Weed pulling is a year-round chore in South Louisiana. “The vine that ate the South” is the kudzu plant, native to Asia and introduced to the United States in the 19th century. As noted in a previous column, the vine was classified as a pest weed by the Department of Agriculture 50 years ago.

In addition to being a nuisance, scientists determined it aids in the formation of low-level ozone. Researchers compared kudzu growth in Georgia to regions where it was absent, noting that the kudzu sections held twice as much nitric oxide emissions. When nitric oxide interacts with sunlight, ozone or photochemical smog occurs.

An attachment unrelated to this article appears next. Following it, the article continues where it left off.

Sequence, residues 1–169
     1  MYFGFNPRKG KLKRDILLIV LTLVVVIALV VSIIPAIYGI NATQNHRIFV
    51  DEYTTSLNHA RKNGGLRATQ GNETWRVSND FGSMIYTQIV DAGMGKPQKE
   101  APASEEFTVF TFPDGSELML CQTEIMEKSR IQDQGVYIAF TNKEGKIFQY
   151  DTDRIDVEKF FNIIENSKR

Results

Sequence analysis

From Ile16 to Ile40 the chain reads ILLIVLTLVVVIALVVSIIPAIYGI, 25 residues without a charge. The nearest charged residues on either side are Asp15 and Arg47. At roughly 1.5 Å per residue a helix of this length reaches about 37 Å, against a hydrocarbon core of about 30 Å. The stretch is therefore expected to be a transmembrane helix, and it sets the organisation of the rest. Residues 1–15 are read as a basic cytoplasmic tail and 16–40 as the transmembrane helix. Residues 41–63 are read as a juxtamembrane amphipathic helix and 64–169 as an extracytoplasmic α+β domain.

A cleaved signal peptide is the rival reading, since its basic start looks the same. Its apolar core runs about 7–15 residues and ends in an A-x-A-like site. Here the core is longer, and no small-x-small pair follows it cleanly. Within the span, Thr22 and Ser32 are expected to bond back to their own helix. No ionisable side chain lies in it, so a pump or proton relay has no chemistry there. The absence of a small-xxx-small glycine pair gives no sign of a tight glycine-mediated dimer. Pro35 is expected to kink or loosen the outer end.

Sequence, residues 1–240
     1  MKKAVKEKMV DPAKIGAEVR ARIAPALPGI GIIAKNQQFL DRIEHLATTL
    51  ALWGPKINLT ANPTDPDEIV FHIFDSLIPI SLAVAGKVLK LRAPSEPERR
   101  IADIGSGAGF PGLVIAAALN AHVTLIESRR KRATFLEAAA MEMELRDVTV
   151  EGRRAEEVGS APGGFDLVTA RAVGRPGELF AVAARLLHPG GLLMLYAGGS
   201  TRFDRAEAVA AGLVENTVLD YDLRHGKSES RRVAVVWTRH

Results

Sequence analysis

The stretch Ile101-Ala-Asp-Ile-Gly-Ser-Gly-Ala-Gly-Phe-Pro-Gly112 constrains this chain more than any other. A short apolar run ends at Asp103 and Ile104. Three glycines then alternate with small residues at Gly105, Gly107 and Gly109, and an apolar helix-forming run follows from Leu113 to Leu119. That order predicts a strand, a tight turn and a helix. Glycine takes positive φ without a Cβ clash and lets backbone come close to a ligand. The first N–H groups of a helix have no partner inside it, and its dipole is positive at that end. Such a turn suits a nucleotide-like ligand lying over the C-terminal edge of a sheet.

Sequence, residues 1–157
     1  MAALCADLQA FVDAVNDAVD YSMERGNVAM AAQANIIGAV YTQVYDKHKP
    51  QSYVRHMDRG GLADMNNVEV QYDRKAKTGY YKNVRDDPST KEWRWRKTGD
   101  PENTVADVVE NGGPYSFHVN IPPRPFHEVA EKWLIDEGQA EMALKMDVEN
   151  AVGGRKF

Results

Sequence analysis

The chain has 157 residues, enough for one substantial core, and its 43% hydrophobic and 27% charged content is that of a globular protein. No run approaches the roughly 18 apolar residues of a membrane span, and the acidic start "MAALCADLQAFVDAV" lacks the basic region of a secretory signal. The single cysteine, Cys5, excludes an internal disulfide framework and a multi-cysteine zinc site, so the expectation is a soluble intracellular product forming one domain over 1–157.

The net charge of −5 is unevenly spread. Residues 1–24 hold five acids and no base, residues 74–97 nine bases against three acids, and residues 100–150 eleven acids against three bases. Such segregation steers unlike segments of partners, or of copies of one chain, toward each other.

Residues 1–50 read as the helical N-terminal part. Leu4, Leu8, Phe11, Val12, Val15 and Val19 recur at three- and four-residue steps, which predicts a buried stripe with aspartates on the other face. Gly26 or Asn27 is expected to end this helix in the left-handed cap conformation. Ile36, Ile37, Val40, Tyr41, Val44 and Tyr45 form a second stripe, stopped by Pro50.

The National Academy of Science revealed that kudzu covers 7.9 million acres in the Southeast, spreading 124,000 acres each year.